Why EPA Gave the Keystone XL a Failing Grade

As you may know, I’m far away listening to harrowing accounts from East Africans whose families and lives are being threatened right now by the impact of climate change. We are stunned at what we’re hearing. But this morning at breakfast, all the buzz among my fellow creation care advocates was about news from 7,500 miles away. In Washington, the EPA had just released their environmental report card on the Keystone XL pipeline. They gave the project a failing grade.

The way the law works, the State Department first has to produce an environmental impact statement (EIS) on this pipeline. The EPA is then required to review the EIS, and give it the expert thumbs up, or a failing grade. 95% of the time, the EPA has only minor comments on EIS reports produced by other agencies. But this one flunked: “Environmental Objection,” was the grade; they called the EIS “insufficient.”

But we also learned something new about what democracy looks like. More than one million messages to the President and Secretary of State were submitted from members of various organizations concerned about environmental protection and climate change. And that doesn’t count messages directly sent by private citizens like the readers of Beloved Planet. I wonder how many issues have drawn one million objections from Americans. Not many, I’d bet. 

Now, it’s one thing for you or me to write the President. But what about the EPA? Why have they panned this EIS report? Here’s a short list of their objections:

  • The EIS began with an almost incredible assumption: Up or down, this pipeline decision won’t affect tar sands production and CO2 emissions virtually at all. The EPA pointed out that the Keystone XL would deliver from Canada some of the dirtiest oil in the world, resulting in 935 million metric tons more CO2 in the earth’s atmosphere than would result from producing an equal amount of ordinary U.S. oil. How much would those extra greenhouse gases cost the people of the world? At the low end, U.S. government agencies today would set the price tag at $19.6 billion dollars. At the high end, a study in the Journal of Environmental Studies and Sciences would put the cost at mind-boggling $235 billion – a $34 tax on every human living on earth today, falling unequally on poor people like the Kenyan farmers whose struggle we lament in these pages.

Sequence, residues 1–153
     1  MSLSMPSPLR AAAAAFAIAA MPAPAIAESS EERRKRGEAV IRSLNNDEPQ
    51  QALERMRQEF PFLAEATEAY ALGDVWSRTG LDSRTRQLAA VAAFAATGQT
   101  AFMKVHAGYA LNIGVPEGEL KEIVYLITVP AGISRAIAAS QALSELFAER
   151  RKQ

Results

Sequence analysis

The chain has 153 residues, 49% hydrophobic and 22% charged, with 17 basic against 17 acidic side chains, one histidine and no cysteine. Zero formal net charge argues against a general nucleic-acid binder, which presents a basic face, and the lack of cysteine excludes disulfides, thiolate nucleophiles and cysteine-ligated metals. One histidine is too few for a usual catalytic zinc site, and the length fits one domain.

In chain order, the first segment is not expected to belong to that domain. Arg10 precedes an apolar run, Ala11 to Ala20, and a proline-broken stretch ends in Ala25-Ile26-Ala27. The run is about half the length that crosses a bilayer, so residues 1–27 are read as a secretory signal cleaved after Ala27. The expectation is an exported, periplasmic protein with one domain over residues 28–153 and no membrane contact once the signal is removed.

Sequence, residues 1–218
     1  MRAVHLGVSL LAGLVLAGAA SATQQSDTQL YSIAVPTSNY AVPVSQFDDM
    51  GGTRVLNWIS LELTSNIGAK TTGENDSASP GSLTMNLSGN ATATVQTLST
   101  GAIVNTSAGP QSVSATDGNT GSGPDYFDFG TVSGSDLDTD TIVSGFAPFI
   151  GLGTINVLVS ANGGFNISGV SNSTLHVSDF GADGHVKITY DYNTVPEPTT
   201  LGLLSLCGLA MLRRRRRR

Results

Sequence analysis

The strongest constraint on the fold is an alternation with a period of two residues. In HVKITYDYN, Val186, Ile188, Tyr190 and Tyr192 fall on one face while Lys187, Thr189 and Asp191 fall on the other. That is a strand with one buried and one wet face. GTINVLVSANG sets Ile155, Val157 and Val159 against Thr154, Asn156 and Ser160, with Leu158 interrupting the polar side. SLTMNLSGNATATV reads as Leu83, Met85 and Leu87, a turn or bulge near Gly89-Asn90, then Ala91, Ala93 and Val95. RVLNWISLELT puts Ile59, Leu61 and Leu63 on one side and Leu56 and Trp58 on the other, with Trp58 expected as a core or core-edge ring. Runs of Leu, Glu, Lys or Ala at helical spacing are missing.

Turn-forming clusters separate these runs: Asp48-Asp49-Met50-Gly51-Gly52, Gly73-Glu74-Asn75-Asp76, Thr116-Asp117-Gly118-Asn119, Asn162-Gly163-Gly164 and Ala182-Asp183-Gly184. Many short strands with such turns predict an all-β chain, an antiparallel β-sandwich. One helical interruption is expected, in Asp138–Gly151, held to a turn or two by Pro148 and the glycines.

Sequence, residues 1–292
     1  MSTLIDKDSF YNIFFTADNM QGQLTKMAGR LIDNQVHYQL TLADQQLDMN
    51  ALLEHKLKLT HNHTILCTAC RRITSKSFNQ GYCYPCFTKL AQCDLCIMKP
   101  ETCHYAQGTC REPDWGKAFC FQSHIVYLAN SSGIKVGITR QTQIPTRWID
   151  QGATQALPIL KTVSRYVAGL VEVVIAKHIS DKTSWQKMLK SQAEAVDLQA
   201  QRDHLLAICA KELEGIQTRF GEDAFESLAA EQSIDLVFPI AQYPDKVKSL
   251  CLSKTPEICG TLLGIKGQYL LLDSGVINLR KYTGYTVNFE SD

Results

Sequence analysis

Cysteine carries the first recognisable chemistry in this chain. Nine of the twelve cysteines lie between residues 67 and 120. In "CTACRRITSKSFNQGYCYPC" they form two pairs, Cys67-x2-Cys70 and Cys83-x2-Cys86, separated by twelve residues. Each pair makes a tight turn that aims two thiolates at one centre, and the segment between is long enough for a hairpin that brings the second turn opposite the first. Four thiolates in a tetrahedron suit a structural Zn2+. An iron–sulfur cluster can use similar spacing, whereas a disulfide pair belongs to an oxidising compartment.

• The EIS assumes that greenhouse gas emissions from tar sands crude are only 17-percent higher than conventional crude. The EPA thinks that “the difference may be even greater depending on the assumptions made.” The real result is very possibly much worse. And that means the costs to you might also be much worse.
  • The report underestimates the difficulty of cleaning up heavy tar sands spills. Tar sands don’t act like normal oil spills. Large portions of them spilled in waterways sink to the lake bottoms and riverbeds, rather than floating on the surface where it’s comparatively easy to clean up; and they just don’t biodegrade. Americans on the Kalamazoo River in Michigan and Mayflower, Arkansas are figuring this out to their sorrow.

So, if you already joined the one million of us who wrote the President, this is a day to celebrate a small victory for creation care. If not, don’t worry! It’s definitely not too late. Obama hasn’t made any decision yet, and your email may be the one that convinces him that enough is enough. You could just click here, and send him a short note. And you could remind him of the first job that the God of his faith gave to us after he made our race: “The Lord God took the man and put him in the garden of Eden to serve it and keep it.” (Genesis 2:15)

Thanks for reading, and may God bless you.

J. Elwood

 

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